After checking out the business school, we walked around the campus for a while, making sure to show my wife and son the “Fence”. The unofficial university billboard, the Fence is painted between midnight and sunrise by students who then stand guard as long as they want their message to stay. The original Fence was once the “most painted object in the world” until it collapsed and was replaced by a steel-concrete fence.


I also pointed out the pool I used to work out in, which apparently was the same pool that Fred Rogers used to use. Allegedly his apartment building was right next to the campus.

After the campus tour, we got back in our car and headed towards the Duquesne Incline. Along the way I pointed out Pitt’s Cathedral of Learning, an impressive building right in the middle of Pitt’s campus.

The Duquesne Incline is one of the must-see and do attractions in Pittsburgh. The Incline is essentially a single trolley car that goes up and down the side of Mt. Washington, offering spectacular views of the city, the three rivers, and all of its bridges.


The Incline will always have special meaning to my wife and I, since we rode down the Incline after having had dinner at Christopher’s at the top of the Incline. It was at that dinner that I gave Mary her engagement ring. We still remember how excited and kind people were on the Incline as my wife showed everyone her ring. Christopher’s is no longer in operation, but the memory will always be there.

After riding the Incline, we headed to the South Side. This is the funky part of Pittsburgh, and I think I counted at least four tattoo shops in a half-mile strip on Carson Street. As I vaguely recall, it wasn’t always the safest place to visit 35 years ago, but today it is a bustling retail strip. One of our favorite stores we stopped in was S&S Candy & Cigar, which seemed to have every kind of candy I remember as a kid. (I have no idea why a candy store and cigar store are combined into one…)

Before leaving the South Side, we stopped for lunch at Emiliano’s, which was outstanding, and on our way back to the car we grabbed a bag of delicious pretzels at The Pretzel Shop.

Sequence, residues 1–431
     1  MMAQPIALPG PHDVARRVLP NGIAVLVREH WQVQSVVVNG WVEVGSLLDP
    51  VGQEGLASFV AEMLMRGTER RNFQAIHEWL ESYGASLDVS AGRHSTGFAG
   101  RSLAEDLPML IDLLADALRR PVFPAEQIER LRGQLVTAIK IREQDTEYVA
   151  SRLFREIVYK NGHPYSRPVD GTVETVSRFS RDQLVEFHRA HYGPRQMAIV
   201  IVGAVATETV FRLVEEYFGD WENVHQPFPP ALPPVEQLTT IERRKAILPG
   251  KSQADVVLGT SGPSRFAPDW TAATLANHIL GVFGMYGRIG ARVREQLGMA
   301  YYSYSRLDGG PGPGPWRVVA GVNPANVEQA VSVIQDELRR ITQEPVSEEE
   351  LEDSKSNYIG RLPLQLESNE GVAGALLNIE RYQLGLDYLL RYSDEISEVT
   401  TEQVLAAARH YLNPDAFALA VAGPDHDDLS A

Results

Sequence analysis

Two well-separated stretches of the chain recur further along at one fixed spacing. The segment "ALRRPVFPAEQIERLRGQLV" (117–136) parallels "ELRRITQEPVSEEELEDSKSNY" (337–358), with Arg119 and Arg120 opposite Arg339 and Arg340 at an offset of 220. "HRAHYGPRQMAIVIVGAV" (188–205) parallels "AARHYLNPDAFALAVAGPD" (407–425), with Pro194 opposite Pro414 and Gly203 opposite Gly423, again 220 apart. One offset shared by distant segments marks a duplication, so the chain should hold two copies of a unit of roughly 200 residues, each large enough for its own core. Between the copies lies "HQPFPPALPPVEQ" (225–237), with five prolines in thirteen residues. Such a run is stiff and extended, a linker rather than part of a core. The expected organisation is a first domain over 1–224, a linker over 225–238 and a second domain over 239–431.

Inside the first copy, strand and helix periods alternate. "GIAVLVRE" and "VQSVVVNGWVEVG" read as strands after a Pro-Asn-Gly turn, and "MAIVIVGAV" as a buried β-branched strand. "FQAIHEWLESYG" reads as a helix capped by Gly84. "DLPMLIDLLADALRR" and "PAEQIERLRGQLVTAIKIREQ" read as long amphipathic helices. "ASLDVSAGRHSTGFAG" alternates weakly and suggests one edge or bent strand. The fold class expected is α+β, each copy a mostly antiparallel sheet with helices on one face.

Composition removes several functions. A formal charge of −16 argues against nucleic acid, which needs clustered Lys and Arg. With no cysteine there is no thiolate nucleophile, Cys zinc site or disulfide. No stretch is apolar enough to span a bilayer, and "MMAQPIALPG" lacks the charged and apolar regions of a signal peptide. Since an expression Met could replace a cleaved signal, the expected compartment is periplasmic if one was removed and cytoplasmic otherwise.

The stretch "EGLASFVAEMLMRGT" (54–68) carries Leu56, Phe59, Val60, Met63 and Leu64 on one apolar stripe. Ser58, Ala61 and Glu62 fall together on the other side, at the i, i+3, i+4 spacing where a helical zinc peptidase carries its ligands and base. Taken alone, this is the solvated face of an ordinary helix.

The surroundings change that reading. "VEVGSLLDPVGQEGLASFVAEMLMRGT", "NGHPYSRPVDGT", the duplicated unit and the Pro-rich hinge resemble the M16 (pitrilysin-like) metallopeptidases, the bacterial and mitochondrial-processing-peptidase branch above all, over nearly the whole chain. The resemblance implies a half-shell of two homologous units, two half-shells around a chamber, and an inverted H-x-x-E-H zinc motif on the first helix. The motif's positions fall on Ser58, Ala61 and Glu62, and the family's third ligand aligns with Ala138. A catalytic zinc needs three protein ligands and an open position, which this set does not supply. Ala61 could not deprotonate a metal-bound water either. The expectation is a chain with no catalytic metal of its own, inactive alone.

When we got back to the hotel, we all rested up for a while, a little tired from all of the walking. Later on we took a walk around Bakery Square (where we saw those makers hard at work at TechShop). We then had dinner right at the Square at Asiatique Thai Bistro. It was another wonderful dining experience.

We called it a night, and made plans to check out Squirrel Hill the next morning. After waking up and having another great free breakfast at the hotel, we drove to Squirrel Hill. This is another unique Pittsburgh neighborhood that seems to have gotten much nicer over the years. We visited the local library located right in the heart of Squirrel Hill, Mary picked up some tea at the wonderful Blue Monkey Tea shop, and I picked up a good cup of coffee at Commonplace Coffeehouse.

At this point, we decided to call it a weekend, and start heading our separate ways. We all agreed that it was a wonderful weekend, and are hoping to return again to Pittsburgh in the near future.

It is a city of great neighborhoods, and of people obsessed with the Steelers…

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Jim Borden

Accounting Prof. at Villanova; happily married for 30+ years; father of 3 outstanding young men; vegan; interests: fitness, creativity, education, blogging, social media.